Life

How much should parents push their child to find happiness?

Pushy parents believe success will bring their children happiness

WHAT do we actually mean when we say we just want our children to be happy?

Do we really mean high achieving but happy?

There's that unwritten rule that says we just want our kids to enjoy their lives and not to worry about monetary success or personal achievement. But deep down, is this true?

One person to come out publicly and say what he thinks about the whole 'happiness verses success' debate is former heavyweight boxing champ David Haye.

The father-of-one, who even named his son Cassius after legendary boxer Muhammed Ali whose original name was Cassius Clay, has defended the 'pushy parents' approach.

Following in his own father's footsteps, Haye has been pushing his own son to sporting success, just as he was steered into the boxing ring.

Haye wants his only child to become a professional tennis player with the boy competing since he was four.

The WBA heavyweight champion admitted he told his eight-year-old son he needed to "practise more" instead of crying after he came second in the hurdles race at a school sports day.

"It was really heart-warming to see how distraught he was," he said.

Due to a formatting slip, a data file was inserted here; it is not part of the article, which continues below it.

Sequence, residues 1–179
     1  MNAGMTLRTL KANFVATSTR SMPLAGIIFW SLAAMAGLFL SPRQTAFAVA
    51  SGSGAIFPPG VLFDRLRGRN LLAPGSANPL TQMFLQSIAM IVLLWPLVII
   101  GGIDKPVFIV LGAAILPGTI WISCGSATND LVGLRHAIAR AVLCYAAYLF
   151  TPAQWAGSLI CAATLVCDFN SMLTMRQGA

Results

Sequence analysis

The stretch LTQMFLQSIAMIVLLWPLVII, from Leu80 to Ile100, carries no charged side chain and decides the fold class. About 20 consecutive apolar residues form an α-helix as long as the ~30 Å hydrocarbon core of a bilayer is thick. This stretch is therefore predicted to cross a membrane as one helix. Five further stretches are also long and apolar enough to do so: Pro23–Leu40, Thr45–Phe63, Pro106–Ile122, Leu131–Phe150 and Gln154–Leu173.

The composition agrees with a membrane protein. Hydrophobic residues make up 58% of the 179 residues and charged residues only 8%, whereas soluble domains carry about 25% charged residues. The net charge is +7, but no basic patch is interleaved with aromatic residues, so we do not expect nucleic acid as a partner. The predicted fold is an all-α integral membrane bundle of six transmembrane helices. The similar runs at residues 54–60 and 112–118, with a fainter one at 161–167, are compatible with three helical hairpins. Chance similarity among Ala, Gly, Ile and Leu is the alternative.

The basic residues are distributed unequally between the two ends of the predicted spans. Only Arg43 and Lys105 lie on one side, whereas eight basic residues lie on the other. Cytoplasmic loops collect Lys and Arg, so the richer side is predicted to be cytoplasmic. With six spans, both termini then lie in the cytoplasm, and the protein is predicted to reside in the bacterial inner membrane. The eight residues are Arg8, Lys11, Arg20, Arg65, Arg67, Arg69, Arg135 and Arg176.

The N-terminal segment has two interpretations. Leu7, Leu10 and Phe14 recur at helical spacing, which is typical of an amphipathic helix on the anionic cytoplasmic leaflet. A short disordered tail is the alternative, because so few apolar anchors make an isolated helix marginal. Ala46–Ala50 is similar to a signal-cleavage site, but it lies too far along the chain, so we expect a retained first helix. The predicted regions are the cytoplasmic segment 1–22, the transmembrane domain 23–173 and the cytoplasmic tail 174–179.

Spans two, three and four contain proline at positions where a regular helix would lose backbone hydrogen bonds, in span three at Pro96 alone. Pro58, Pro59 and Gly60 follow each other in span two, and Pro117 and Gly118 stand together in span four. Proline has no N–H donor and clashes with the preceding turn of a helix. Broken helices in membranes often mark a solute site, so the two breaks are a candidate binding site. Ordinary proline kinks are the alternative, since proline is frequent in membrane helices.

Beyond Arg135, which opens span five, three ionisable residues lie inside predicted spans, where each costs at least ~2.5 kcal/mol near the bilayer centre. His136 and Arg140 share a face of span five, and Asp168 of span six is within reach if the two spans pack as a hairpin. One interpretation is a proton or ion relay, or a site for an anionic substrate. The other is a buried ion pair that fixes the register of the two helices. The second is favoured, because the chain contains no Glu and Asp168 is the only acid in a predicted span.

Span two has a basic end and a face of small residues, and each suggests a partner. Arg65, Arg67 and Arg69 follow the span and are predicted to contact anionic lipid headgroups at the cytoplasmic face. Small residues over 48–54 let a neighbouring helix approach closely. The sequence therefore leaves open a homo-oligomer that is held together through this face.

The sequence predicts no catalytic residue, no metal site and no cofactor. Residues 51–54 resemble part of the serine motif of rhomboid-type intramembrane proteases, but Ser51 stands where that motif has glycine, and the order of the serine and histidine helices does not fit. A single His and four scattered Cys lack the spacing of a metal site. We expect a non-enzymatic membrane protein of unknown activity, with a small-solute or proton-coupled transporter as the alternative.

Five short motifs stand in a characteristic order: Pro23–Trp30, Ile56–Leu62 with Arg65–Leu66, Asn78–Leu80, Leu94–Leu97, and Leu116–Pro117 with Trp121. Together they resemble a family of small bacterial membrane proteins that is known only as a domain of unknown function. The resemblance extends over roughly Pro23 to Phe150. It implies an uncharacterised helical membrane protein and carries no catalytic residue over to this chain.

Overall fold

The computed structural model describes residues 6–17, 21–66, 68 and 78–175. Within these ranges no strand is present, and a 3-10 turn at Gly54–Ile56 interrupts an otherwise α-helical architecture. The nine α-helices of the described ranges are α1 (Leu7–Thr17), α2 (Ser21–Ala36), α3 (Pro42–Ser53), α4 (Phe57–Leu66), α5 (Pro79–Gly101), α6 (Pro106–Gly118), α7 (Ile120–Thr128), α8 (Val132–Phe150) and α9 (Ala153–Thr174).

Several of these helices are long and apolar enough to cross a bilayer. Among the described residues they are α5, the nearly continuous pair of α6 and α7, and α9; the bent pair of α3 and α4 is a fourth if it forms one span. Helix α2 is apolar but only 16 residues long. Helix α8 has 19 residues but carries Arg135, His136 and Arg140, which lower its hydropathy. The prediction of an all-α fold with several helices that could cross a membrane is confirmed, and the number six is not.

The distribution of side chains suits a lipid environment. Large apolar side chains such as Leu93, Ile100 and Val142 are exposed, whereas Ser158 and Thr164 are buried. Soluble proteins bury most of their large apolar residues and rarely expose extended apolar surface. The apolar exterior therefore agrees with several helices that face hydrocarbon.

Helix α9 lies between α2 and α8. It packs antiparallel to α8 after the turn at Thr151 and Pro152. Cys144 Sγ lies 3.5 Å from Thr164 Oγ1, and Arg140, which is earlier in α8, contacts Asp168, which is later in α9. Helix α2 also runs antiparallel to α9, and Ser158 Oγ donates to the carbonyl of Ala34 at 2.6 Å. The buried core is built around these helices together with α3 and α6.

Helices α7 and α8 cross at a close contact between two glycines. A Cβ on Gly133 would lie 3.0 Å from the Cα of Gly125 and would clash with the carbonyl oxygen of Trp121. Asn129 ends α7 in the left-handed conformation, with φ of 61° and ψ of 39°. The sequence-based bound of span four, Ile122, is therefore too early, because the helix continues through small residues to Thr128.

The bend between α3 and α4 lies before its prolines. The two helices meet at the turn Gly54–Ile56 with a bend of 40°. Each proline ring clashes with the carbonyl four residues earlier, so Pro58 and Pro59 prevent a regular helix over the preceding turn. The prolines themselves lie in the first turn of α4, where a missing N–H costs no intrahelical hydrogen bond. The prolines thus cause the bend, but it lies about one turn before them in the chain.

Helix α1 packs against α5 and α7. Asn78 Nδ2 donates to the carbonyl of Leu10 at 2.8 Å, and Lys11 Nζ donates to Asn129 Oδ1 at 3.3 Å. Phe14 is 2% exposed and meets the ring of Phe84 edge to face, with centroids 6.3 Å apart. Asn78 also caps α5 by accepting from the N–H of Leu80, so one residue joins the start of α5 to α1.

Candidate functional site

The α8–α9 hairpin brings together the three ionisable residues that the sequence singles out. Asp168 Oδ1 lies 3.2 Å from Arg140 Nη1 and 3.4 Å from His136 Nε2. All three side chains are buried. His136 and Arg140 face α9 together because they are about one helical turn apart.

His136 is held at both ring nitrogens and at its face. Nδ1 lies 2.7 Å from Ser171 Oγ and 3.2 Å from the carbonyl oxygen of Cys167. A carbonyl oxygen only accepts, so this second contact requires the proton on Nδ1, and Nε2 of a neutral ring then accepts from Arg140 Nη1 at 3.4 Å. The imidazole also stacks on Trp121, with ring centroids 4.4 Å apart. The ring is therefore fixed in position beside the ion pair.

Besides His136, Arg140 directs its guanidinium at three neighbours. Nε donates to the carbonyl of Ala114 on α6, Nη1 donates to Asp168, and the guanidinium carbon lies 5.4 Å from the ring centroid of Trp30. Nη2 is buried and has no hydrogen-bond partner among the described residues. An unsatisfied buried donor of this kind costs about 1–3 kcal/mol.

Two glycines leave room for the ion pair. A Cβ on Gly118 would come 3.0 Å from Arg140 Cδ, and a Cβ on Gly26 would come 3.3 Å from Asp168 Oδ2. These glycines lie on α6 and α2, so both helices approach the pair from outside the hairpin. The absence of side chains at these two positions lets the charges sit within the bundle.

"He won every other race, every other heat and he just clipped the top of the hurdle and he came second out of his whole class, but he considered the whole sports day to be ruined because he didn’t win every single thing."

The sports star said while he had consoled his son following his so-called 'defeat', he then told him that "maybe if you practised more then maybe you wouldn’t have clipped it".

He's not the only one to hit the headlines lately for pushing their child to success.

The mother of a west London schoolgirl who was competing to win the title of Child Genius 2016, demonstrated she was no pushover.

Rhea, who is 10, was taking part in the Channel 4 programme earlier this month when her mega competitive mum Sonal stepped in during the competition and showed she wasn't afraid to win a title herself - of 'pushiest parent'.

She objected to the answer in one of the questions and in turn saw her daughter win a point over a rival.

Sonal, who has put her career on hold as an obstetrician to focus on her daughter's education, successfully claimed a question on Florence Nightingale was too general.

The extra point meant that fellow finalist Stephen (12) who had been on the same total, lost his place with Rhea then going onto the final which she later won.

Mum Sonal came under fire though for being too pushy with her attitude shocking viewers who said the young girl should have been able to compete based on her intellectual capability rather than her mum's intervention.